Morgan Mandel
    http://morganmandel.blogspot.com

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  2. Good morning, Morgan. Thank you for having me as your guest. I'm trying to do better with lists, but now I can't find the one I made yesterday!

    Monti

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  3. Hi, Monti--I can never resists a story involving a wagong train. Some of the first romance novels I ever read--I was a late starter--concerned those, and I loved them.
    I notice this one is a YA novel. I've vaguely thought about writing one, but not knowing how they sell or if there is a market, I stick with what I do now.
    I enjoyed the post very much--Morgan had a great idea when she thought of this blog.

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    1. I've always loved wagon train stories as well. Because this is a little shorter than my Passenger to Paradise novels and is a sweet romance, I consider it a YA. My publisher (Oak Tree) has started a western series, and my book is part of that.

      I'm delighted to be a guest on Morgan's blog. Thank you for commenting, Celia, and good luck with your writing!

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  4. I love westerns and love to collect books based on women's diaries. There's a wealth of information about the day to day events that bring a story to life. Since I'm getting ready to take a vacation I plan to bring a note book with me.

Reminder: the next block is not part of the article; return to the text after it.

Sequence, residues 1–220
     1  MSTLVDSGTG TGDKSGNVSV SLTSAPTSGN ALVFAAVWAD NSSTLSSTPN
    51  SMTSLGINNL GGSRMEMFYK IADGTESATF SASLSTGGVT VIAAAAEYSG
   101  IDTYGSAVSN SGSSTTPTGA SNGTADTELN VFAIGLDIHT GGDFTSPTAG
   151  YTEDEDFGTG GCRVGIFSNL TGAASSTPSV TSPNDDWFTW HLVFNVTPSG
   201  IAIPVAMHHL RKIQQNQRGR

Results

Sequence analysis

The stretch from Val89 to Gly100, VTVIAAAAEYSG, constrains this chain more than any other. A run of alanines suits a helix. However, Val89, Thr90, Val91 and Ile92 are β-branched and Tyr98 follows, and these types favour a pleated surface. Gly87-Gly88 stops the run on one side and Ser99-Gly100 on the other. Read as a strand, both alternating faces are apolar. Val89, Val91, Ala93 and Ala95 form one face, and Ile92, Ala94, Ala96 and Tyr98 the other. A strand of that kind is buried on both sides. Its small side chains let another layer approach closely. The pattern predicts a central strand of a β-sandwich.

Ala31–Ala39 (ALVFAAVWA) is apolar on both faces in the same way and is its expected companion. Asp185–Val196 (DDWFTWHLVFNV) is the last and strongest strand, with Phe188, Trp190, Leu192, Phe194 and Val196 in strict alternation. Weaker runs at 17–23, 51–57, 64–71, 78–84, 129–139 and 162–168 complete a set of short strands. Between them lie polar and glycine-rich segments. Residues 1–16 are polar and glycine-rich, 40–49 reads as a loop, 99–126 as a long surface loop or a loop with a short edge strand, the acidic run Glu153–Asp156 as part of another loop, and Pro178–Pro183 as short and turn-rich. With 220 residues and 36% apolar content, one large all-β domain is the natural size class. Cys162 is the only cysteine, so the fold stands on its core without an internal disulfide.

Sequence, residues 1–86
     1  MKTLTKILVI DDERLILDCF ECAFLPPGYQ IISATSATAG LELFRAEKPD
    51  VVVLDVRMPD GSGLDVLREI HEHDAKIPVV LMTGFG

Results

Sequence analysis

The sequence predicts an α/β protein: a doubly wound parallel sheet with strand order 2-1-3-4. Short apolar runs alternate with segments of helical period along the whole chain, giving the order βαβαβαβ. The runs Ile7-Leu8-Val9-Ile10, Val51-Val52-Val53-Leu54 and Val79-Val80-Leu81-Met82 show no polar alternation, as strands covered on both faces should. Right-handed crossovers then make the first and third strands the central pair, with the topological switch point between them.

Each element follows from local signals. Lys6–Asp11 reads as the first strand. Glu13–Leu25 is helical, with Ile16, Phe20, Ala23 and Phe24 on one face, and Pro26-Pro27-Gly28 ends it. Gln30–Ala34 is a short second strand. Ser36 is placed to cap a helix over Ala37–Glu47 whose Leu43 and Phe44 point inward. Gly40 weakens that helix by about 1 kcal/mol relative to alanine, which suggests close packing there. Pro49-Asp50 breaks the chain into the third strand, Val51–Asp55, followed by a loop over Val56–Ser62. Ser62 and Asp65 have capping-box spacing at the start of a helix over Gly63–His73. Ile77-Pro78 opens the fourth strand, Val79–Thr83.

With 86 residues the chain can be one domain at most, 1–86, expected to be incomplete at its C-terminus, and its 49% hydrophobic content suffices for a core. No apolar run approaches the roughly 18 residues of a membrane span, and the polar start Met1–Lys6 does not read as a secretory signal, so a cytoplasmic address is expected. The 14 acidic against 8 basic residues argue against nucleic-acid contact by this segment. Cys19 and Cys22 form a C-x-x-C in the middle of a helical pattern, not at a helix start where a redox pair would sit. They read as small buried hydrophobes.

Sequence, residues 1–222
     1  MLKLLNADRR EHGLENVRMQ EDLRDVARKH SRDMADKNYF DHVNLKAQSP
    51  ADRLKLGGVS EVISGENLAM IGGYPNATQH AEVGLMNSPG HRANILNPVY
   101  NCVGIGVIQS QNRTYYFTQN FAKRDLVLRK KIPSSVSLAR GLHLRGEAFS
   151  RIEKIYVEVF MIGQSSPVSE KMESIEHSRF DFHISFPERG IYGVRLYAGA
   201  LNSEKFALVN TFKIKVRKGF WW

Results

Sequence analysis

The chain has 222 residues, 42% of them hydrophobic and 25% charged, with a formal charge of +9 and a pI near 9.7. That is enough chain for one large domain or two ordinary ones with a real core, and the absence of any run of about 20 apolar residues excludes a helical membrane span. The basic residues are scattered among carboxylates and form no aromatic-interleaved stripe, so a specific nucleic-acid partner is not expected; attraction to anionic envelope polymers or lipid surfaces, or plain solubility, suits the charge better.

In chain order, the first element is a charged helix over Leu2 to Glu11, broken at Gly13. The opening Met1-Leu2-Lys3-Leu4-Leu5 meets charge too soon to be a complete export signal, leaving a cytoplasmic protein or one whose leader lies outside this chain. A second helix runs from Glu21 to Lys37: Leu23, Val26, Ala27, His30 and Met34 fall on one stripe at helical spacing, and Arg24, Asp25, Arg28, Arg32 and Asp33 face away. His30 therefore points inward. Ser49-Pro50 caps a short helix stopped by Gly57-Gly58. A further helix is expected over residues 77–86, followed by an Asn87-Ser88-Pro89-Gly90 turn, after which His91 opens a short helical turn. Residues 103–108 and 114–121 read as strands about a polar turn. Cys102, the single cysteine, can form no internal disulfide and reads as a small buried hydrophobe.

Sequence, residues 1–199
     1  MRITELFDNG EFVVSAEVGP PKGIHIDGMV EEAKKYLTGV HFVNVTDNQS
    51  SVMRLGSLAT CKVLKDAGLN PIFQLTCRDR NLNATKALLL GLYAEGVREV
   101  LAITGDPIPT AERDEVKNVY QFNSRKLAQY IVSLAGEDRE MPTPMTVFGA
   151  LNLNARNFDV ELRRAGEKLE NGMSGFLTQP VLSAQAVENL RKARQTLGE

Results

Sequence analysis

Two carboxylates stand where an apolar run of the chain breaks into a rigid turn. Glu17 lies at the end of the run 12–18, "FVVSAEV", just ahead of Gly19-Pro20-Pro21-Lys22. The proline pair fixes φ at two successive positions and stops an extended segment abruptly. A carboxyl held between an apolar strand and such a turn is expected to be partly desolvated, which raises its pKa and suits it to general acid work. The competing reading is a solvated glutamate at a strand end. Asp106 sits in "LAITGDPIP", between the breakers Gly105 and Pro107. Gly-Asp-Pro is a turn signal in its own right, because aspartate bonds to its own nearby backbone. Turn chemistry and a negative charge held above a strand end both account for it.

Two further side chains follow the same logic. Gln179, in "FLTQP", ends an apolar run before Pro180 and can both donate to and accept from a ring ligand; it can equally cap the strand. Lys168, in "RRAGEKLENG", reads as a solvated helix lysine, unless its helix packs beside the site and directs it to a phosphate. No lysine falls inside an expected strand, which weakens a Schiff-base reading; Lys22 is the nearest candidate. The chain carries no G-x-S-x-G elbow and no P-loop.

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    1. Thanks, Linda, for sharing. It's wonderful that those books are available, and, of course, the Internet has changed everything making so much more possible for writers! Enjoy your vacation and fill up your notebook!

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  5. Thanks for the tip, Mary. I always keep a notebook in my bag and also by my bed. I often come up with ideas late at night or early morning, and if I don't write them down, I forget them.

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  6. Thank you, Mayra, for reminding me about the notebook by the bed. I used to keep one there as well. It's a really good idea. I don't know why so much comes to us in the middle of the night, but it does and then is gone by morning!

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  7. When I traveled through England, I kept a notebook, just so I'd remember every place I visited.
    Congratulations on the new book, Monti!!

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    1. Thanks, Alex! I bet you use that notebook when writing some future book!